1504. Sterna melanogaster.
The Black-bellied Tern.
Sterna melanogaster, Temm. Pl. Col. pl. 434 (1832); Blyth & Wald. Birds Burm. p. 163 ; Godw.-Aust. J. A. S. B. xiv, pt. 2, p. 85 ; xlvii, pt. 2, p. 22 ; Hume & Dav. S. F. vi, p. 492; Dav. & Wend. S. F. vii, p. 93; Ball, ibid. p. 233; Cripps, ibid. p. 314; Hume, Cat. no. 987 ; Doig, S. F. viii, p. 372 ; Legge, Birds Ceyl. p. 1006; Butler, S. F. ix, p. 440; Reid, S. F. x, p. 87; Oates, B. B. ii, p. 424 ; Barnes, Birds Bom. p. 429; Hume, S. F. x, p. 419; xi, p. 350; Oates in Hume's N. & E. 2nd ed. iii, p. 310 ; Saunders, Cat B. M. xxv, p. 43. Sterna javanica, Horsf. Res. Java (1824) (descr. nulla), nec Tr. Linn. Soc. xiii, p. 198 (1821); Blyth, Cat. p. 292 ; Jerdon, B. I. iii, p. 840; Bulger, Ibis, 1869, p. 170; Blanf. J. A. S. B. xl, pt. 2, p. 277; Hume, S. F. i, p. 282; Adam, S. F. ii, p. 339; Wardl.-Rams. Ibis, 1877, p. 472. Sternula minuta et S. jerdoni, Beavan, Ibis, 1868, p. 403. Pelodes javanica, Ball, 8. F. ii, p. 440; Hume, S. F. iii, p. 193.
Coloration. Forehead, crown, and nape, with the sides of the head down to the lower edge of the orbit, black ; very often the extreme base of the forehead is white like the lores, cheeks, chin, and throat; upper parts from nape ashy grey, slightly tinged with brown on the tertiaries, tips and parts of inner webs of primaries generally dusky, outer webs frosted and whitish; tail paler grey than the back, outer webs of outermost rectrices white; fore neck pale grey, gradually passing into chocolate, then into black on the breast; abdomen and lower tail-coverts black ; wing-lining white.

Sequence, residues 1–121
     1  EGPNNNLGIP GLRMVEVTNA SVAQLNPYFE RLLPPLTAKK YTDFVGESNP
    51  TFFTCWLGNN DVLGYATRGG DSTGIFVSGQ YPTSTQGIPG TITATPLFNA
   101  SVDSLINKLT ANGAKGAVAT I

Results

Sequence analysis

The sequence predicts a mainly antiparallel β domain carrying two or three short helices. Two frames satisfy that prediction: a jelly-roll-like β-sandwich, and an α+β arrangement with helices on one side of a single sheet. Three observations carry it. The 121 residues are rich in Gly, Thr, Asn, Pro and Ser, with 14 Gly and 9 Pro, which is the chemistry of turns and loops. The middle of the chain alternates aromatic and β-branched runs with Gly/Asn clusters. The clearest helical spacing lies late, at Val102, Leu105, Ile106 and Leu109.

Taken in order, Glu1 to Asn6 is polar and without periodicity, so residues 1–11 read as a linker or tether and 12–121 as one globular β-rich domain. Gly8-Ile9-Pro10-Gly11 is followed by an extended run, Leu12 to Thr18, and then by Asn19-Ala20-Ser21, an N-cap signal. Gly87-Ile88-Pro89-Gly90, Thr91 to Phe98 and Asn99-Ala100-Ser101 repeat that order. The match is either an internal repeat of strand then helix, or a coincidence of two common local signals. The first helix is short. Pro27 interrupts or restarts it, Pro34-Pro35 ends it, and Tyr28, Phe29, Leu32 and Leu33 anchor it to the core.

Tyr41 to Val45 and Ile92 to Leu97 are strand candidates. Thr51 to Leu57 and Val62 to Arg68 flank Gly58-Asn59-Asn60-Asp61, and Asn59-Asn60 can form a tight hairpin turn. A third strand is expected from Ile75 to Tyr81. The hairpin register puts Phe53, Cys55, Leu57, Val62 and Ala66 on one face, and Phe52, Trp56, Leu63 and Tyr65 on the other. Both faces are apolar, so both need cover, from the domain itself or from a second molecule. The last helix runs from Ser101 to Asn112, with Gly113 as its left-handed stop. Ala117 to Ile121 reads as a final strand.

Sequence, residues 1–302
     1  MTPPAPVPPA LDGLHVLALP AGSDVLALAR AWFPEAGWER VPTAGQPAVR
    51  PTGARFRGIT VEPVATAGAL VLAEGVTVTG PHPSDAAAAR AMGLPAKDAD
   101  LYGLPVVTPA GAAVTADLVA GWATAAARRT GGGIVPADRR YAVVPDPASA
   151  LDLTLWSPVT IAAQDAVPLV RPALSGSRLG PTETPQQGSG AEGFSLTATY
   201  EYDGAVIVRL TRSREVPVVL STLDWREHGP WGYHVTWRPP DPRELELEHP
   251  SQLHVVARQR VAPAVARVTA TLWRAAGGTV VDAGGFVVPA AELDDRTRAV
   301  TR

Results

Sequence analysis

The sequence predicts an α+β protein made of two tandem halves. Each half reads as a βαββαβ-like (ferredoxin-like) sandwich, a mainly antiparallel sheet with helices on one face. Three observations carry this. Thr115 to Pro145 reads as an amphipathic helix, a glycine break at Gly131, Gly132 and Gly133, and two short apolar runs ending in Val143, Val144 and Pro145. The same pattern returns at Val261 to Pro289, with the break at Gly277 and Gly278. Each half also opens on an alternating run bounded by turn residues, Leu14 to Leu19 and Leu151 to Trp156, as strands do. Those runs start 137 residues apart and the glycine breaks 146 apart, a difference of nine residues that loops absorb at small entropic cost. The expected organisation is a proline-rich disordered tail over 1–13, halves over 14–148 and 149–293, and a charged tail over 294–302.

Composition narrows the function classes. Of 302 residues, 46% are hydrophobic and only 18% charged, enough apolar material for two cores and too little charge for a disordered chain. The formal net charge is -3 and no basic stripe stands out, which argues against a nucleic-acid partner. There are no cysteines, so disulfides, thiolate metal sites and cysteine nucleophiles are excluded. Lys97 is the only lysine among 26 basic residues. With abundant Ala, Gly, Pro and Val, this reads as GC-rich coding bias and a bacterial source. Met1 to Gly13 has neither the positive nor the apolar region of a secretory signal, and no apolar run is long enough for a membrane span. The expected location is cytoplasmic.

In winter the cap is white, streaked with black, and the lower parts white. According to Hume the winter plumage is not assumed till December, and is only retained for about two months. Very young birds have broad buff outer and blackish inner borders to the feathers of the upper parts.
Bill orange-yellow; irides blackish brown; legs and feet orange-red.
Length 13; rail 5 to 6.5, depth of fork 3.5; wing 9 ; tarsus .55 ; bill from gape 1.8.
Distribution. Common about rivers and tanks throughout India and Burma, but less abundant in Southern than in Northern India, and not known with certainty to occur in Ceylon, though reported to be found in the island by more than one observer. It is probable in these cases that another species has been mistaken for the present.
Habits, &c. This is one of the commonest of Indian river-birds, and is generally seen flying and fishing singly or in small parties. It frequents tanks and marshes as well as rivers, and though perhaps less numerous than S. seena, is more widely distributed. It breeds chiefly in March and April, though Doig records taking eggs in Eastern Sind in June and July, and it lays in the same situations as the Indian River-Tern, and frequently in company with it. The mode of deposition and colouring of the eggs is similar, but those of S. melanogaster are smaller and more elongate, measuring on an average 1.25 by 0.95.